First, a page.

An unusual coalition of lobby groups is challenging a parliamentary decision to ease restrictions on Sunday retail trading in Switzerland.
But voters are set to deal the trade unions, churches and consumer groups a blow at the ballot box on Sunday, according to opinion polls.
Shops in Switzerland usually remain closed on Sundays and public holidays, leaving many foreign visitors and locals bemused.
But numerous exceptions to the labour law have been granted in the past few years, particularly in tourist areas, at service stations and increasingly at the country's main airports and railway stations.
Last year parliament approved amended labour legislation aimed at easing Switzerland's comparatively strict rules, bringing them into line with the latest commercial trends.
However, the trade unions, the main churches and consumer groups joined forces to fight the relaxed regulations. They are concerned that it will lead to a seven-day working week.
"We have to prevent Sunday work from snowballing," said Paul Rechsteiner, president of the Federation of Trade Unions, Switzerland's biggest labour movement.
The unions argue that work-free Sundays were a major historical achievement in the late 19th century for workers and that extending Sunday trading would result in deteriorating working conditions for low-paid employees.
The unions have the support not only of the centre-left Social Democratic Party and the Greens, but also of church groups, consumer organisations and small shopkeepers who are concerned they cannot compete with big retailers.
"The ban on Sunday work gives churches a space of their own," said Pierre Bürcher of the Catholic Bishop's Conference.
His view is echoed by the president of the Federation of Protestant Churches, Thomas Wipf.
"If people have to work on Sunday, our society will lose its warmth and it would be the first step towards abolishing Sunday's special status."
In Britain, Sunday trading has been permitted under the law for ten years. A British commentator on religious affairs told swissinfo it had not had much impact on church attendance there.
"Church attendance has declined over the past decade but that has been part of a long-term decline and I don't think that Sunday trading has played a particularly crucial role in that," said Felix Corley.
"Maintaining a day of rest on a Sunday or any other day is probably a losing battle, and many churches in Britain have stepped back from this debate."
The government, three of the four main political parties – the centre-right Christian Democrats and Radicals as well as the rightwing People's Party – and the Swiss Business Federation, have all come out in favour of easing restrictions.
"Shopping in large railway stations and a number of airports meets a need among the public," said Economics Minister Joseph Deiss.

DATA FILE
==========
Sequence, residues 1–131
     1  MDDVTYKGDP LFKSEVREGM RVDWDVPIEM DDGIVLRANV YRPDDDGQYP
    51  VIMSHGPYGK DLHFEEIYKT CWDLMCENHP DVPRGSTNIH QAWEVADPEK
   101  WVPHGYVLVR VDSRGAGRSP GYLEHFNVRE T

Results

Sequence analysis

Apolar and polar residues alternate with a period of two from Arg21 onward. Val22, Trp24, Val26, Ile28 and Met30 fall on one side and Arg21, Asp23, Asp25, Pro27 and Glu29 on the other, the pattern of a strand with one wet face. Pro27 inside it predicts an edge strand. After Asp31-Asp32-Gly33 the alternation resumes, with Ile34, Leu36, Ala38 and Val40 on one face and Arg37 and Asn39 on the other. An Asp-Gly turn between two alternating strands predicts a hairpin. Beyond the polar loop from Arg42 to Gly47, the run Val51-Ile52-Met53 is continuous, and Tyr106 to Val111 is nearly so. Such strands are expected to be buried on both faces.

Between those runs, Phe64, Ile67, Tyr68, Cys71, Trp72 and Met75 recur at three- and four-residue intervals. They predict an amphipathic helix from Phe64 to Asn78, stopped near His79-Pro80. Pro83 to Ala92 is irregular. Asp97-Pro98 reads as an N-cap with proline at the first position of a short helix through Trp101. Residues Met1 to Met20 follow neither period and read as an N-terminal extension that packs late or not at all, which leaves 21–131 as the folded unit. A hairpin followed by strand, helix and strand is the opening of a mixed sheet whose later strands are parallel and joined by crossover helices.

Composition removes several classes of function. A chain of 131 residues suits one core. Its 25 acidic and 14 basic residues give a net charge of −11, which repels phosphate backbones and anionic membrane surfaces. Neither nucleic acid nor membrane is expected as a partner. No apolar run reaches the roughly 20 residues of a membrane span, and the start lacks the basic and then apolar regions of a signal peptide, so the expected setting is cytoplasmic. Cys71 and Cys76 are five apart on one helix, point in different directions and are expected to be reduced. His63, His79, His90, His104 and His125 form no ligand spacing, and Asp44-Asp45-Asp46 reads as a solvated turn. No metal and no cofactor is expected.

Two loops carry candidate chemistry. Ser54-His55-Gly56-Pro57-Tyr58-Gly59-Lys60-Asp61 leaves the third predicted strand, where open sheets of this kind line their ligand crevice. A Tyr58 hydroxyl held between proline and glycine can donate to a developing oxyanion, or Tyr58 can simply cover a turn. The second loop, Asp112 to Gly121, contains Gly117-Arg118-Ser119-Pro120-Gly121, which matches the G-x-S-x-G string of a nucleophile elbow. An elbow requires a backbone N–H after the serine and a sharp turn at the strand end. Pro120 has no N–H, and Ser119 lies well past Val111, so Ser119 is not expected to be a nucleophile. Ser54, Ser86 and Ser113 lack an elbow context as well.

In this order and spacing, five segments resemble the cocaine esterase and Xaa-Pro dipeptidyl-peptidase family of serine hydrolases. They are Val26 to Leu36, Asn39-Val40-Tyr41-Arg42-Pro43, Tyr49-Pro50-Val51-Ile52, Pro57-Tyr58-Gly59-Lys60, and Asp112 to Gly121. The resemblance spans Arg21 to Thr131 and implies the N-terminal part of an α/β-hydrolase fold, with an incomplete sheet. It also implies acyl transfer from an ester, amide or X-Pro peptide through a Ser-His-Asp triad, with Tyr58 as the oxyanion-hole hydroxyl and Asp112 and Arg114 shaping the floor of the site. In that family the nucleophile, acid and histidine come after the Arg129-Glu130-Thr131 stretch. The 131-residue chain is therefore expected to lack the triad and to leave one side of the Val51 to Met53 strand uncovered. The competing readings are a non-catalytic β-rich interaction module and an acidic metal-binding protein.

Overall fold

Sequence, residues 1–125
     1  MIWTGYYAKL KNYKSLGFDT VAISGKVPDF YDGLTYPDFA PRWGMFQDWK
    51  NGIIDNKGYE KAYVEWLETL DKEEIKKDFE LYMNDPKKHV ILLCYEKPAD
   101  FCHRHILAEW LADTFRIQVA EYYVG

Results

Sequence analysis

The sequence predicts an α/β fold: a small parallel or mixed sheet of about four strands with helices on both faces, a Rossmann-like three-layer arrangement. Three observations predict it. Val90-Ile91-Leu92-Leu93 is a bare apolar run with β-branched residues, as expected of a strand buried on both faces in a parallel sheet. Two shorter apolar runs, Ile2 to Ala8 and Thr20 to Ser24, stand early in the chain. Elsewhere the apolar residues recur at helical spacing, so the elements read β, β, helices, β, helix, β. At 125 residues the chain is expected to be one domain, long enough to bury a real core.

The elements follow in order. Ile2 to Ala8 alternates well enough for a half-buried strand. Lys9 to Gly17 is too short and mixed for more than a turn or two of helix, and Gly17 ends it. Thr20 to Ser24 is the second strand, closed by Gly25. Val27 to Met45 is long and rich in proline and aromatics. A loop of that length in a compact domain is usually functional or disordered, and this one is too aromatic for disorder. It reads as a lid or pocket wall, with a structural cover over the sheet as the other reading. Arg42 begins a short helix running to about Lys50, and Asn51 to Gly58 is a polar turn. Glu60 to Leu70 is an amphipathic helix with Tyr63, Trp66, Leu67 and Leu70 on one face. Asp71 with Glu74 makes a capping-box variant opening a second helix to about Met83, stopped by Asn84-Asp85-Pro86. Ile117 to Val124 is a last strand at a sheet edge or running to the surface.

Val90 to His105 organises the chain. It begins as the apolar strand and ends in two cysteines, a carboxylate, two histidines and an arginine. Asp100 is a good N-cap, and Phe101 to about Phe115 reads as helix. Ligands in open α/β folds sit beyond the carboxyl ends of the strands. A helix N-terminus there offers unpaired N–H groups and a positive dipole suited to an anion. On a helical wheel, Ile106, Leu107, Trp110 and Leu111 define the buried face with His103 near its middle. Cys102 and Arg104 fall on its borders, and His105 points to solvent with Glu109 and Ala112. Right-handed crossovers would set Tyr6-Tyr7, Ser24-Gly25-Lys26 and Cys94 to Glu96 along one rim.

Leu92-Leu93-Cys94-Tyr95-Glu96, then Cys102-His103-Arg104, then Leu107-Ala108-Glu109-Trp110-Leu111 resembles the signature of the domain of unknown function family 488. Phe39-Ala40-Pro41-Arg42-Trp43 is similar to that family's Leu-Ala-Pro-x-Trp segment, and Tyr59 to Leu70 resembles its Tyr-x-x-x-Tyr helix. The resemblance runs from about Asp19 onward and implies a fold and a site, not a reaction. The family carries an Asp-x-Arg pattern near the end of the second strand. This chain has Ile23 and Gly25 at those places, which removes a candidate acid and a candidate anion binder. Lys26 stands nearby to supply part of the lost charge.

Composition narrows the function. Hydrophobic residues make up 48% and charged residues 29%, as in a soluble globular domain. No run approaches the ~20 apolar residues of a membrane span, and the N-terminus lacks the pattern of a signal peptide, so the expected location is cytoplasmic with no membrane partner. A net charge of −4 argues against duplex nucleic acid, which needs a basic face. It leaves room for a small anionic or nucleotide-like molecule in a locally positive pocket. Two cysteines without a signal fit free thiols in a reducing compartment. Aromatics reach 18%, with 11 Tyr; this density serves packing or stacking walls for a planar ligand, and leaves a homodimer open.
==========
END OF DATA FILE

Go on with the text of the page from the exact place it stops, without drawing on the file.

The government also said that public transport as well as the economy would benefit from the relaxed rules.
The federal authorities say up to 150 shops that already open on Sundays would have to close or reduce their selection of goods on offer if the amended labour law was voted down.
About 2,000 jobs would be affected by the decision, according to experts.
There are about 360,000 people working on Sundays in other sectors, including hospitals, transport and hotels.
Switzerland's rules on Sunday trading are rather restrictive compared with other industrialised countries.
A report commissioned by the State Secretariat for Economic Affairs found that there has been a trend towards an extension of opening hours in most European countries over the past few years.
The Swiss appear to approve an easing of shopping restrictions. The final gfs opinion poll ahead of the vote gave supporters a 14 per cent lead over their opponents.
In September voters in canton Aargau decided to lift regional trading restrictions in line with regulations in several other regions of the country.
swissinfo, Urs Geiser
In Switzerland Sunday work was banned in principle under 19th–century labour legislation.
Shopping hours are decided at the cantonal or local level. Some regions have lifted restrictions or have granted special Sunday licences.
About 360,000 people (10% of the workforce) work on Sundays - mainly in hospitals, transport and tourism.
In 1996 voters overwhelmingly rejected a parlaimentary decision to ease restrictions on Sunday work.
Parliament wants to ease rules on Sunday trading at major railway stations and airports with annual sales of more than SFr20 million ($15.5 million).
Trade unions, churches, consumer groups and shopkeepers have forced a nationwide vote, warning relaxed rules will lead to a seven-day working week.
The issue will be put to a nationwide vote on November 27 alongside a proposal to introduce a five-year ban on genetically modified products in agriculture.